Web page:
By Carolyn Kallenborn, Artist and Social Designer
As an artist, all of my works are very personal. Though the form may vary from sculpture to dyed and stitched cloth to an installation or a film, the work always originates from a story or experience I want to share. I create works as visual poetry, not to literally re-create a scene or story, but to evoke how something feels. What I have written below, is not in the script, but rather my personal motivation for creating the film La Vida y Los Muertos / Life and Dead.
When I am in the U.S. it seems like that thought of death, and certainly the thought of our own demise, is a subject we tend to avoid. In every respect we protect ourselves from danger and death. We sell meat that has no traces of the being it once was. We embalm and entomb our dead in the thought that their bodies will remain unchanged. It sometimes seems that we try to fool ourselves into thinking that if don’t look at death then maybe it won’t really come.
In my years of traveling to Oaxaca, I noticed that death and danger are an accepted part of every day life. People ride in the back of pick-ups all the time, manhole covers are left open on the sidewalks and people shoot fireworks right off their heads during fiestas. Whole, plucked chickens and skinned pig heads hang in the market stalls. The iconic image of “La Calavera Catrina” the humorous, elegant skeleton dressed in fancy clothes, is ubiquitous.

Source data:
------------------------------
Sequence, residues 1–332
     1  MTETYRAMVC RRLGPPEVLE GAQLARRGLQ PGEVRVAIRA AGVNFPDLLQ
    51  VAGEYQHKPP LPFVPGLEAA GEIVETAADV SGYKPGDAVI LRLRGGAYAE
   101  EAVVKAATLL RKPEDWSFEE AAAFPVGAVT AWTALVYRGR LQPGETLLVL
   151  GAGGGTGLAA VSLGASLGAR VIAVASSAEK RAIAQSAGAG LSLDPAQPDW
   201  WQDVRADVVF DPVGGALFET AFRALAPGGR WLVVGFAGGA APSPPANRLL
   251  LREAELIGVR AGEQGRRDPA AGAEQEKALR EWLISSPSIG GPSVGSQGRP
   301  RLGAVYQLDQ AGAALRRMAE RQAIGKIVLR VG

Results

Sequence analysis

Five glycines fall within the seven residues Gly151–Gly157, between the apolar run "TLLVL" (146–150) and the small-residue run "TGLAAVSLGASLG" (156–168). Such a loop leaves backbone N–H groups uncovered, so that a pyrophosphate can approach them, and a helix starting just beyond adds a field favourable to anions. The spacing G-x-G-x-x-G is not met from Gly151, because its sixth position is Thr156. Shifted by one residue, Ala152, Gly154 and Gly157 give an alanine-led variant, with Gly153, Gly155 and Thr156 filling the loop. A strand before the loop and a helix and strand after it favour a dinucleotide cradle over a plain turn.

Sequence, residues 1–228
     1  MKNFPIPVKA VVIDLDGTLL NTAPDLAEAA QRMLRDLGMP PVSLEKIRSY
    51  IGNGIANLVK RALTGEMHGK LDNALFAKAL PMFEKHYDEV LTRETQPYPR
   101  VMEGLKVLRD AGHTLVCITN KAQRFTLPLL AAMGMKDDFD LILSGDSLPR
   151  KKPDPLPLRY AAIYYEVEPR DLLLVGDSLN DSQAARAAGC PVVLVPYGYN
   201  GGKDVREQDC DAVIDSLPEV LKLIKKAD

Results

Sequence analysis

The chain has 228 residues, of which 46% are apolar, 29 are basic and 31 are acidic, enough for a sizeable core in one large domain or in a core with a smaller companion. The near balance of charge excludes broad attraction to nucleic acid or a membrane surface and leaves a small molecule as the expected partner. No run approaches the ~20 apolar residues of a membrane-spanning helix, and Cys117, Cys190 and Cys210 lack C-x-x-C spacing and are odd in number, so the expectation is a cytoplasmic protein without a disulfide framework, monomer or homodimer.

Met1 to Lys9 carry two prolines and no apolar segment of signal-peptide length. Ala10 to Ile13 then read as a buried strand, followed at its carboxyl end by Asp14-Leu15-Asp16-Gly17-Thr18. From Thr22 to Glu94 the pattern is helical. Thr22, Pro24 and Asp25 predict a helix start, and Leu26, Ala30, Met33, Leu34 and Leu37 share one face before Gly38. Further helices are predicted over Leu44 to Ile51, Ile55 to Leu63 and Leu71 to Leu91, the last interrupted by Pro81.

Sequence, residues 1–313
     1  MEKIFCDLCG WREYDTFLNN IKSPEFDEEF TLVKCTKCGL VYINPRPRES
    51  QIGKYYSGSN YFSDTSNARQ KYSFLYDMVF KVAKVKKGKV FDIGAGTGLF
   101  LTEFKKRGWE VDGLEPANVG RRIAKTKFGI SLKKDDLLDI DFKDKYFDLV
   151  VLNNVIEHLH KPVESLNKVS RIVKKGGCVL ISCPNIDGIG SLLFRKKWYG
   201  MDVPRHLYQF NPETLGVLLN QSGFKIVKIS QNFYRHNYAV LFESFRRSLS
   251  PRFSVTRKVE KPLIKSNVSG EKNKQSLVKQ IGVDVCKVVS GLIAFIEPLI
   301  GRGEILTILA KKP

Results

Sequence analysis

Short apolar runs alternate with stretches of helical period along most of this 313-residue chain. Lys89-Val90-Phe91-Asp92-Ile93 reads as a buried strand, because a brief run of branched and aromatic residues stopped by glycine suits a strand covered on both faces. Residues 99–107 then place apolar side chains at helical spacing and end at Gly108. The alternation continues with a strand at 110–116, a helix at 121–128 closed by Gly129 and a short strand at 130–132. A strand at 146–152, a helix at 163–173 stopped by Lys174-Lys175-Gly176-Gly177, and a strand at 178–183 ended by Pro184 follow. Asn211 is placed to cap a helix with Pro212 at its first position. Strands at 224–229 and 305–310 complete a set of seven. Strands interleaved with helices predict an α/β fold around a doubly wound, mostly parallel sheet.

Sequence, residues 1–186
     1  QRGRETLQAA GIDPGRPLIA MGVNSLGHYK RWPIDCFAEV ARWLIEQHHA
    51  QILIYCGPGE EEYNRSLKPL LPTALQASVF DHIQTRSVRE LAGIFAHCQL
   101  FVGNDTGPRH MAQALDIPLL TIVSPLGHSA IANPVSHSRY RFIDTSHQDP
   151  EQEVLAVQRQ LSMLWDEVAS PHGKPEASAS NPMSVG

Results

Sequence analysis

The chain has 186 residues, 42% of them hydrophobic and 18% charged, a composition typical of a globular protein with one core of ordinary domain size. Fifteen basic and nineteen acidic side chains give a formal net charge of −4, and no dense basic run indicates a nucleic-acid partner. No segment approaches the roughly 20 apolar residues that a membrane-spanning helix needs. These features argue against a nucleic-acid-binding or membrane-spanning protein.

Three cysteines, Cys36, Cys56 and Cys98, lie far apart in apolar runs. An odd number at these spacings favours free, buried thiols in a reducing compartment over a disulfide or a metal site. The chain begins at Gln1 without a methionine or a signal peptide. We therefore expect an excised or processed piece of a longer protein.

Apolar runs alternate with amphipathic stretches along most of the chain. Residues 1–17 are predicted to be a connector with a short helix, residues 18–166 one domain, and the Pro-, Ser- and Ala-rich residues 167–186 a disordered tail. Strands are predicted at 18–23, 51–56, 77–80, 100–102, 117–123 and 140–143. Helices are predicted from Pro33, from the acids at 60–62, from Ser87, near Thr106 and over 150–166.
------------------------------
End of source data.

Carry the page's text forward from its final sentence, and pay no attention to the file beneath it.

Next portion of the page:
My Oaxacan friends talk cheerfully about “Los Muertos” describing the large sand paintings, and elaborate altars set for the festival when the dead return to party with the living. I am captivated by stories and photos of the festival where people sit by the gravesides at 2 a.m. and share memories of their departed family members, play cards and picnic by the graves. It is a time that is both joyous and sad, painful and beautiful.
I want to share the story of Day of the Dead because it is such a beautiful and poetic alternative view of death and our relationship to our loved ones who have passed. As an invitation to spend a few days each year to acknowledge and honor death and the dead, the celebration emphasizes importance of deeply enjoying life because we are reminded that we will not be here forever.
La Vida y Los Muertos (Life and Dead) is a documentary film filled with rich visuals and captivating music to evoke the beauty, joy, sadness and magic of the Day of the Dead in Oaxaca, Mexico. The film winds its way from the funky urban feel of the city of Oaxaca, through the intimate home altars in Teotitlan and Mitla, the enchanting candle-lit midnight cemetery of Atzompa, the wild demon dancers of Etla, and the joyous flower covered graves in San Antonino. La Vida y Los Muertos is a “silent” film with no narration, inviting the audience to immerse themselves in the music and the imagery to experience a slowing down of time that is an inherent part of the festival. The film provides an opportunity to notice the care and thoughtfulness of the preparations and to experience the joyous celebration of life.
This film was produced for educational purposes to promote cultural understanding. All profits from viewing will go towards the development of cross-cultural education and the support of the communities depicted in this film.